I write to wish you happy holidays from us at Providence College Galleries [PCG] and to share our "Year in Review." Please join me in reflecting upon a few bright spots that occurred over the last year and taking a glimpse of what's ahead for PCG. During this special time of year, I hope you too have the chance to take stock and look forward to new year of love, healing, and renewal.
Looking back, these moments in 2021 stand out to us:
1. PCG awarded more than $300,000 from National Endowment for the Humanities— One of our biggest moments was earlier this fall when we received robust support to integrate dozens of contemporary artworks into our permanent collection and create a collection study hub. Learn more in this article by the Associated Press.
2. On the Wall: Tamara Gonzales— The 2021 iteration of our site-specific, gallery-filling mural program opened to rave reviews like this Boston Art Review piece. A generous artist and intellectual partner, Tamara Gonzales visited campus multiple times to collaborate with students, faculty and staff on the creation towering yet whimsical wall drawings that alluded to ancient Latin America and the cosmos.
3. Galleries Rebrand & Website— Last month, PCG launched a new visual identity and website. Our new logo, with forms inspired by the College’s torch icon, is modular with infinite combinations. We will further promote the website as an academic and community resource throughout 2022.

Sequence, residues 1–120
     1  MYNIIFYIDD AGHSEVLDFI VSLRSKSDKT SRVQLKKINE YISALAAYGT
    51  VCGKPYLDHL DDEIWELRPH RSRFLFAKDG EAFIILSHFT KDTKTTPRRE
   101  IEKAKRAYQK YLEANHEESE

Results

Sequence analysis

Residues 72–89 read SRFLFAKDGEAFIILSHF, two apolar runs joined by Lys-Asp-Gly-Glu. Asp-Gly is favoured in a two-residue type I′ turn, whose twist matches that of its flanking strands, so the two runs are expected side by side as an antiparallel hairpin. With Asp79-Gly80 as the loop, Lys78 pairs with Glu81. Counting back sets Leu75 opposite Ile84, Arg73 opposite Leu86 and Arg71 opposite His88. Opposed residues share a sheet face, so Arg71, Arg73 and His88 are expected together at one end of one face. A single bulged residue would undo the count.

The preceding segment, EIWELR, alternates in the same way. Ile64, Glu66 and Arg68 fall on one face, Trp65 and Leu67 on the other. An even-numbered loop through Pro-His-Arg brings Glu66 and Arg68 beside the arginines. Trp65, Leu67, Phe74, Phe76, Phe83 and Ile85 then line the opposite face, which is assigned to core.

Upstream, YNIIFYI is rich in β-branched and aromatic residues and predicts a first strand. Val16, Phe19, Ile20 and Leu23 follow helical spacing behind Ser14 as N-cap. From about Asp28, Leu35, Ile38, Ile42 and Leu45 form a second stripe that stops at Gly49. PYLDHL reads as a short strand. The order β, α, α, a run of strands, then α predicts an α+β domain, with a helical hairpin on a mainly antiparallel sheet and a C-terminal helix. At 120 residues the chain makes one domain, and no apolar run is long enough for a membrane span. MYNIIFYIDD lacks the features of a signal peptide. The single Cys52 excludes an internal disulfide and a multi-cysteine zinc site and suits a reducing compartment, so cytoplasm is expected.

4. Interlace Grant Fund Awards Inaugural Project Grants to Local Artists— Interlace, which PCG co-founded with Dirt Palace in 2020, awarded more than $50,000 to local artists for visual art projects happening within the city of Providence. Join us for an awards ceremony at PC’s Smith Center for the Arts on January 24. Also through Interlace, we continue to distribute monthly emergency grants to artists.
5. The Carriers: Joiri Minaya & Anne Austin Pearce— In October, we opened this gorgeous two-person exhibition in our Reilly Gallery. The works on view explore eco-feminist themes, tropical imagery, and post-colonial critiques of culture and collection. Read PCG Curator at Large Kate McNamara’s exhibition essay for The Carriers here.